Online transaction and vehicle fraud investigation
Calgary Police Service District 4 officers have charged a man following a lengthy, and ongoing, investigation into online transaction and vehicle repair frauds.
In November 2015, police received a complaint from a man living in Newfoundland who had sent money in return for a vehicle part that was advertised on a buy and sell site. The vehicle part was never sent to him and he was unable to reach the person he had been communicating with to get his money back.
An investigation revealed more than 50 people across Canada have been victimized by the same type of scam. Victims report being contacted by a man after placing online ads looking for specific auto parts. The man would request a payment up-front or a deposit, to cover the cost of shipping. After receiving payment by e-transfer or wire transfer, the man would not send the vehicle parts, nor would he return any of the money he had obtained.
Other reports allege the man would offer to take on a vehicle for mechanical work and then either not complete the work, or he would claim the vehicles had been stolen from outside his residence. In these instances he also demanded to be paid up front.
On Tuesday, Feb. 2, 2016, Jeffrey John KEIZER, 26, of Calgary, who also goes by the name of Jack Van Der Van, Kyle Brown and Kenny MacDonald, was arrested in southeast Calgary and charged with one count of theft of a motor vehicle and 10 counts of fraud under $5,000. KEIZER will next appear in court on Friday, Feb. 19, 2016.
The Calgary Police Service would like to thank the RCMP, Saskatoon Police Service, Hamilton Police Service, Ontario Provincial Police and the Royal Newfoundland Constabulary for their assistance in this investigation.
Anyone who believes they may have been defrauded during an online transaction is encouraged to contact the police non-emergency number 403-266-1234, or Crime Stoppers anonymously using any of the following methods:
TEXT: tttTIPS to 274637
Member Ordered Dismissed From the Service
The Calgary Police Service has dismissed a member after he was officially found responsible for multiple Police Service Regulation offences.
On Wednesday, Feb. 3, 2016, Sgt. Anthony Braile was ordered dismissed from the Service. He admitted responsibility to nine counts of professional misconduct during a lengthy disciplinary proceeding, where the particulars were established at hearing.
The Presiding Officer found that, in his capacity as a District 2 street supervisor on Dec. 15, 2008, and while operating a marked vehicle, he initiated a traffic stop of a possible impaired driver operating a Ford F-350 pickup truck. The vehicle sped away from Sergeant Braile at a high rate of speed.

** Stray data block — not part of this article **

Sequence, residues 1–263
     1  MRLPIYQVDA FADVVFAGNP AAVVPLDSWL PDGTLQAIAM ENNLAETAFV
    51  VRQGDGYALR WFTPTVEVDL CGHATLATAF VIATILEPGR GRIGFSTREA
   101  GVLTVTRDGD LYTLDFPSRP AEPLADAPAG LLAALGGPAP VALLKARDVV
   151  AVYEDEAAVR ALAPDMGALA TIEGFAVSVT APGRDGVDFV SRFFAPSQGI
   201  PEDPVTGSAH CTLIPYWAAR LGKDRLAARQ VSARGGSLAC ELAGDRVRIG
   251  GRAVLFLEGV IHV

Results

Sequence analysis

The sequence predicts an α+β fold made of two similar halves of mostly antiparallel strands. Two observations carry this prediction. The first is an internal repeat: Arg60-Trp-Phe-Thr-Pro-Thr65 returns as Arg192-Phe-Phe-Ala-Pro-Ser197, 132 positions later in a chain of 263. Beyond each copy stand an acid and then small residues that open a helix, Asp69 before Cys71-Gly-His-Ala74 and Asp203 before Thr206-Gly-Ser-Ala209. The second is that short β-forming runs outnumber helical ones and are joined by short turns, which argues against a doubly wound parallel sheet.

Sgt. Braile notified dispatch of the attempted traffic stop and direction of travel of the vehicle, and stated he was not following the truck. In fact, contrary to pursuit policy, he pursued the Ford F-350 for approximately 58 minutes through several residential areas and eventually into the downtown core, over a distance of 52 kilometres. The speeds attained during the course of the pursuit reached 145 km/h in less than favourable road and weather conditions. Sgt. Braile used Computer Aided Dispatch (CAD) messaging to direct another unit under his command to assist in the pursuit, off the air.
While Sgt. Braile was driving the wrong way on 5th Avenue S.W., the F-350 collided at right angles in an intersection with a cab causing serious injuries to the taxi driver. At the scene of the collision, Sergeant Braile provided misleading and incomplete information to the District 1 Sergeant and the Duty Inspector who were working that evening. A criminal prosecution resulted, with Sgt. Braile ultimately pleading guilty to a charge of careless driving under the Traffic Safety Act (TSA).
Twenty-nine people charged in downtown operation
Twenty-nine people are facing 128 charges following two separate police operations in the downtown core to target drug trafficking and the violence that comes with it.
Following concerns brought forward by the public, the Calgary Police Service District 1 and the Drug Unit initiated the first operation in December 2015. This first phase focused resources on the 17 Avenue corridor where officers observed a number of drug-related activities taking place in front of, or in close proximity to, a number of family restaurants in the area. At the end of the first phase of this operation, seven people were arrested for a variety of drug and stolen property charges along with outstanding warrants.